in property or accumulations

Jai-alai and horse race tickets

bank checks drafts certificates of deposit promissory notes bills of exchange letters of credit insurance policies fidelity bonds

Bills of lading Proxies Powers of attorney Leases of real property Mortgages Pledges Deeds of sale of real property and charter parties

Other Imposts of the National Government In addition to the 12 percent VAT and any applicable excise tax, importations are generally subject to customs duties. The Tariff and Customs Code provides for the imposition of anti-dumping duty, countervailing duty, marking duty and discriminating duty under special circumstances. Local and Real Property Taxes Local government units such as provinces, cities, municipalities and barangays may levy taxes and impose local license fees pursuant to the Local Government Code. Furthermore, real property tax applied solely to the lands, buildings and other improvements ~6reon is levied on the assessed value of the real property.

FOREIGN EXCHANGE REGULATIONS


1. Purchase and Sale of Foreign Exchange Generally, foreign exchange may be freely bought and sold in the Philippines. By way of exception, the Bangko Sentral ng Pilipinas regulates the purchase and sale of foreign exchange by authorized agent banks, non-bank BSP-supervised entities, their subsidiary / affiliate foreign exchange corporations and independent foreign exchange dealers and money changers (collectively "BSP Regulated Entities"). The BSP, with the approval of the President of the Philippines, may exercise its general emergency powers and temporarily suspend or restrict the purchase and sale of foreign exchange.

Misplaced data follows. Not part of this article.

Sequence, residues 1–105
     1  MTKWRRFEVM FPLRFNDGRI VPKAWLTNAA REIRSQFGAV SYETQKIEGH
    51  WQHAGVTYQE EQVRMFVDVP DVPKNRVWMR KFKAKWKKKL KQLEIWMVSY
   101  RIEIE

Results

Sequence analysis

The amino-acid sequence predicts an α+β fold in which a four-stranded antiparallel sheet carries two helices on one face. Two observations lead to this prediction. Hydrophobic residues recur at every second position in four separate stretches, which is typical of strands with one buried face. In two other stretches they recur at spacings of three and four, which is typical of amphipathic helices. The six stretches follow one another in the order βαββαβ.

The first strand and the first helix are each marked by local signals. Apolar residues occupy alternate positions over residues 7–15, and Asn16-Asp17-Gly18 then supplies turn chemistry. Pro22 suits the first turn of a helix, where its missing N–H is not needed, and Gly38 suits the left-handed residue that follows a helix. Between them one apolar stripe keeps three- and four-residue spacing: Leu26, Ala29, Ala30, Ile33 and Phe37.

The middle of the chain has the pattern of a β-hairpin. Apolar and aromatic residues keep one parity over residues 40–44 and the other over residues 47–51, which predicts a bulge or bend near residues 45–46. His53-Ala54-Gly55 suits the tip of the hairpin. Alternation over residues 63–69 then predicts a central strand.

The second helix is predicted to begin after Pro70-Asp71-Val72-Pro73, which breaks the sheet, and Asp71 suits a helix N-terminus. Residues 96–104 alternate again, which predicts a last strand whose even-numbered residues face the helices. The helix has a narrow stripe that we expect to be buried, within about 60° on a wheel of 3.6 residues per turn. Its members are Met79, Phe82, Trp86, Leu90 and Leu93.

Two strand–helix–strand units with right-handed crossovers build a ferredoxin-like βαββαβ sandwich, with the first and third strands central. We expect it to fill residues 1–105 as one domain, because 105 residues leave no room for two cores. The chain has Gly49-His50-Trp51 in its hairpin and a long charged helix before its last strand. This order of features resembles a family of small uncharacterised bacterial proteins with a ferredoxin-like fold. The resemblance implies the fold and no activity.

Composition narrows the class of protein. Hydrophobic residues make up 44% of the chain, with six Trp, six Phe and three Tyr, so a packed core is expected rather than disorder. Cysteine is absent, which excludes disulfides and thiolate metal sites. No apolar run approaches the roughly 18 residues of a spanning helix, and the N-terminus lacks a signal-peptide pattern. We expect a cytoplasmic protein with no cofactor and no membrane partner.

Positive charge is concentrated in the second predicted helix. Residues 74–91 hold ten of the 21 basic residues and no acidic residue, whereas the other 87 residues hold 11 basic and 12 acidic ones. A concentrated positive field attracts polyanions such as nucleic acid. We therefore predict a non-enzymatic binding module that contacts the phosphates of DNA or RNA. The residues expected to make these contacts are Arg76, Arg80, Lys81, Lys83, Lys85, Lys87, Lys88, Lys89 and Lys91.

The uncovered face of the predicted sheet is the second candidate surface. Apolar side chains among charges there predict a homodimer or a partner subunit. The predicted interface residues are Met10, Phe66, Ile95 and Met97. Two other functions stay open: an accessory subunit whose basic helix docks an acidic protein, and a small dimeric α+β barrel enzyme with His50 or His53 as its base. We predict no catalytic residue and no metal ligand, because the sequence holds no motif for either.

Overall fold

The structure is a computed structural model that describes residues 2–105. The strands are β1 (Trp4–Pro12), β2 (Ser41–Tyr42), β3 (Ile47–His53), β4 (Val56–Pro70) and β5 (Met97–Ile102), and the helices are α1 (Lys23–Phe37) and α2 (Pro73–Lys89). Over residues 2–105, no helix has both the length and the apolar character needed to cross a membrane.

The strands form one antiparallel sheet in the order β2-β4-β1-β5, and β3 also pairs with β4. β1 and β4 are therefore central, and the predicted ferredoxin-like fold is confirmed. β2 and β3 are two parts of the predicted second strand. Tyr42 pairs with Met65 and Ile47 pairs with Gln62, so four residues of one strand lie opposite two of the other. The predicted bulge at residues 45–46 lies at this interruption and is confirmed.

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2. Foreign Trade Transactions Foreign trade includes import and export trade transactions. As a rule, a wide variety of merchandise may be imported into and exported from the Philippines. However, the importation or exportation of certain commodities is regulated or prohibited for reasons of public health and safety, national security, international commitments, and the development and rationalization of local industry. Without prior BSP approval, but subject to reporting requirements and other conditions, universal and commercial banks may sell foreign exchange to service payments for imports under the arrangements prescribed by the BSP. The requirements include letters of credit, documents against payment, and documents against acceptance, open account arrangements, and direct remittance. Payments for exports may be made without prior BSP approval under the arrangements prescribed by the BSP such as letters of credit, documents against payment/ cash against documents, documents against acceptance, open account arrangement, inter-company open account offset arrangements with the parent company or affiliates abroad, consignment and export advances. 3. Non-Trade Transactions Non-trade transactions refer to all other foreign exchange transactions that are not import or export trade transactions. These transactions include foreign inward and outward investments, and foreign currency denominated loans and guarantees. Generally, all BSP Regulated Entities may sell foreign exchange to Philippine residents to fund payments of non-trade transactions without having to obtain prior BSP approval. However, if the sale of foreign exchange exceeds US$ 5,000 or its equivalent in other foreign currency, the BSP Regulated Entity selling the foreign exchange must require the purchaser to present the documentary requirements prescribed by the BSP. These requirements may include documents showing that the purchaser has obtained prior BSP approval or registration of the transaction. 3.1 Foreign Inward Investments Foreign investments must be registered with the BSP or, in certain instances, with a custodian bank, so that foreign exchange may be sourced from a BSP Regulated Entity to fund the repatriation of the investment and the remittance of profits and dividends. If a foreign investment is not registered with the BSP a BSP Regulated Entity is not allowed to sell foreign exchange to fund the repatriation of such investment and the remittance of profits and dividends relating to such investment.